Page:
aphotesthesia (s) (noun)
, aphotesthesias (pl)
A physical condition that is caused by excessive exposure to sunlight: Aphotesthesia
is characterized by a reduced retina sensitivity of the eyes to light.
The retinas are the areas at the back of a person's eyes which send light signals to the brain and where those signals are changed into images that may result in aphotesthesia when they are overexposed to sunlight.
, more aphotic, most aphotic
1. A description of those parts of the ocean that are not reached by sunlight, or plants that grow there without synthesizing light: The remote controlled camera was able to explore the aphotic depths of the ocean, looking for rare life forms.
2. A reference to any environment or habitat that has no sunlight of any biological significant intensity: The fish that lived for a long time in the dark cave evolved into a state of blindness because of their aphotic environment.
3. Etymology: from Greek a-, "not, without" + phos, "light"; literally, "no light".
aphototaxis (s) (noun)
, aphototaxes (pl)
The absence of any response to a light stimulus by an organism that can move: The aphototaxis of organisms is a condition that is characterized by their failure to react to light; neither moving toward the source of light (positive phototaxis) nor away from it (negative phototaxis).
1. An orientation response away from light; negative phototropism.
2. The absence of an orientation response to light.
astrophotograph (s) (noun)
, astrophotographs (pl)
Photography which is used in astronomical investigations.
astrophotographer (s) (noun)
, astrophotographers (pl)
Someone who specializes in a type of photography that entails making photographs of astronomical objects in the night sky; such as, planets, stars, and deep sky objects including star clusters and galaxies.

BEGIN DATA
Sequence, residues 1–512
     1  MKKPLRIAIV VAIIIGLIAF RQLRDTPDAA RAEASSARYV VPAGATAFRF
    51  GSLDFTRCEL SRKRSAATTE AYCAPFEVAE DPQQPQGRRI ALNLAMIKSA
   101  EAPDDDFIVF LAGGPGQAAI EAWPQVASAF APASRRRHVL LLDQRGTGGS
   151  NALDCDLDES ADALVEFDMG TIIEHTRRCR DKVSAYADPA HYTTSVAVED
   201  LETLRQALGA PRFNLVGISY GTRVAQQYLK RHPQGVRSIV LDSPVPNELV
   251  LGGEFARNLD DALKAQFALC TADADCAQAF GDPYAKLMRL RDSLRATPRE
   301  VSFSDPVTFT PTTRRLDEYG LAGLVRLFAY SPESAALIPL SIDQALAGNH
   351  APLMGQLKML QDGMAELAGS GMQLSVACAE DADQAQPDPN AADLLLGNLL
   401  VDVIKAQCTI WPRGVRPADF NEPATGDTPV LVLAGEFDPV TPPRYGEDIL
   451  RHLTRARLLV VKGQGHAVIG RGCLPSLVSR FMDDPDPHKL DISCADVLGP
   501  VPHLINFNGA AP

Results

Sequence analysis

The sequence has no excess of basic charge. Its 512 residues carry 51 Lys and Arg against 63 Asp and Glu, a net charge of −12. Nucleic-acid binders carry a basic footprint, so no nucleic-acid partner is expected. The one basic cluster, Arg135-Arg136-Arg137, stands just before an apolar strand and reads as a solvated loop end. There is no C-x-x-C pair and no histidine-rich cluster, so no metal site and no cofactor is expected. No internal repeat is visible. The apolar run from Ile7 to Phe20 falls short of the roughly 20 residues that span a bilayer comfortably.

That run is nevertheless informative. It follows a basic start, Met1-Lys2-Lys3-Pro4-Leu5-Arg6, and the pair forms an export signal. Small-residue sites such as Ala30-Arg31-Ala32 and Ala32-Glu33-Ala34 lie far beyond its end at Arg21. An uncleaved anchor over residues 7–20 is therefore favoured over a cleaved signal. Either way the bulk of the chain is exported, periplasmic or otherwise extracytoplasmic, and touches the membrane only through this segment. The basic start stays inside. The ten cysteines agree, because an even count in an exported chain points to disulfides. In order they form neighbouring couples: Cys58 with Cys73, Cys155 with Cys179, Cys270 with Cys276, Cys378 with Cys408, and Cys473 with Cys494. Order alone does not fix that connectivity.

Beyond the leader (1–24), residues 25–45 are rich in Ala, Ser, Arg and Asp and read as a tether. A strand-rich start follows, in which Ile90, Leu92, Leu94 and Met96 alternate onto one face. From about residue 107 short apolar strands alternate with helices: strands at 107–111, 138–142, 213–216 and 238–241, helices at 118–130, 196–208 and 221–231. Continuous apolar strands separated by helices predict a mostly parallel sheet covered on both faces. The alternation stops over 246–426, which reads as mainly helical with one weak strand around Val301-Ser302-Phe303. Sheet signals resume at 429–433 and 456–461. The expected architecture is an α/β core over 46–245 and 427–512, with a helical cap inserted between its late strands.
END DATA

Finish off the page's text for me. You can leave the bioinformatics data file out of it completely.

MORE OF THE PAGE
astrophotography (s) (noun)
, usually no plural
1. The art of photographing astronomical objects and events for astronomical studies>
2. The photography of stars and other celestial objects.
3. The use of photographs to record extraterrestrial objects in order to study their surface features, positions, motions, radiation, and spectra.
1. A photometer (light meter) for measuring the brightness of stars.
2. The measurement of the intensity of light of celestial objects.
Relating to the measurement of the intensity of light of celestial objects.
An instrument for detecting photoluminescent signals in marine environments.
The system uses photodiodes to convert the optical signals into electrical signals which are sampled, integrated, and coupled to output terminals for transmission to a surface host vehicle.
Here is more information about bathyphotometry.
The production and emission of light by plants or by animals; bioluminescence.
1. The hypothetical process of splitting water by solar energy to produce hydrogen.
2. The action of light on a biological system; such as, certain algae and bacteria, that results in the dissociation of water to produce hydrogen.
An obsolete instrument once used for measuring the rate and degree of dark adaptation, as in vitamin "A" deficiency.
1. The biological applications of photonics, a technology that utilizes light and other forms of radiant energy in which a quantum unit is the photon (the smallest unit used to measure a physical property).
2. A combination of biology and photonics, with photonics being the science and technology of generation, manipulation, and detection of photons, quantum units of light.
Photonics is related to electronics in that it is believed that photons will play a similar central role in future information technology as electrons do today.
It includes the study or application of electromagnetic energy whose basic unit is the photon, incorporating optics, laser technology, electrical engineering, materials science, and information storage and processing.
A photograph taken as one of a series for the purpose of showing successive phases of a motion.